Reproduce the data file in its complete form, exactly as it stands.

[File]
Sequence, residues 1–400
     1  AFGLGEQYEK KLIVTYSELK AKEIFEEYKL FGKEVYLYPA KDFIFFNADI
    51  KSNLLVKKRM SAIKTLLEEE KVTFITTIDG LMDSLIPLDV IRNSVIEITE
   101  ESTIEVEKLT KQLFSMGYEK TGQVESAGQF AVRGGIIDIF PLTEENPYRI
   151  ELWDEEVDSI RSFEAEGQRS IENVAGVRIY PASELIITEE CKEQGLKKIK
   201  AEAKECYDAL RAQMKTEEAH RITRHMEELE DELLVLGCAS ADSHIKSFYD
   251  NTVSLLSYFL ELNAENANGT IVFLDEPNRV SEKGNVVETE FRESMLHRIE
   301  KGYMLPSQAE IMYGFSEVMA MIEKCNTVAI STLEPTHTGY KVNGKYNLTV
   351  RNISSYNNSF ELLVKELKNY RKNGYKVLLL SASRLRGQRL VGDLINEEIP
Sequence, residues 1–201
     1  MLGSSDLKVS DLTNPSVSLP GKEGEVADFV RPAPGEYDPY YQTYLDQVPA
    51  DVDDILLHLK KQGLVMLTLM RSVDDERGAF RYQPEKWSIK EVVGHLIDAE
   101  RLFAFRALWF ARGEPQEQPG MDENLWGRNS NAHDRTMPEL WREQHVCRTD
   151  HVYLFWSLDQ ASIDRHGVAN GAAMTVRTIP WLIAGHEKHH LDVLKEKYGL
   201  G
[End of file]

Sequence, residues 1–400
     1  AFGLGEQYEK KLIVTYSELK AKEIFEEYKL FGKEVYLYPA KDFIFFNADI
    51  KSNLLVKKRM SAIKTLLEEE KVTFITTIDG LMDSLIPLDV IRNSVIEITE
   101  ESTIEVEKLT KQLFSMGYEK TGQVESAGQF AVRGGIIDIF PLTEENPYRI
   151  ELWDEEVDSI RSFEAEGQRS IENVAGVRIY PASELIITEE CKEQGLKKIK
   201  AEAKECYDAL RAQMKTEEAH RITRHMEELE DELLVLGCAS ADSHIKSFYD
   251  NTVSLLSYFL ELNAENANGT IVFLDEPNRV SEKGNVVETE FRESMLHRIE
   301  KGYMLPSQAE IMYGFSEVMA MIEKCNTVAI STLEPTHTGY KVNGKYNLTV
   351  RNISSYNNSF ELLVKELKNY RKNGYKVLLL SASRLRGQRL VGDLINEEIP
Sequence, residues 1–201
     1  MLGSSDLKVS DLTNPSVSLP GKEGEVADFV RPAPGEYDPY YQTYLDQVPA
    51  DVDDILLHLK KQGLVMLTLM RSVDDERGAF RYQPEKWSIK EVVGHLIDAE
   101  RLFAFRALWF ARGEPQEQPG MDENLWGRNS NAHDRTMPEL WREQHVCRTD
   151  HVYLFWSLDQ ASIDRHGVAN GAAMTVRTIP WLIAGHEKHH LDVLKEKYGL
   201  G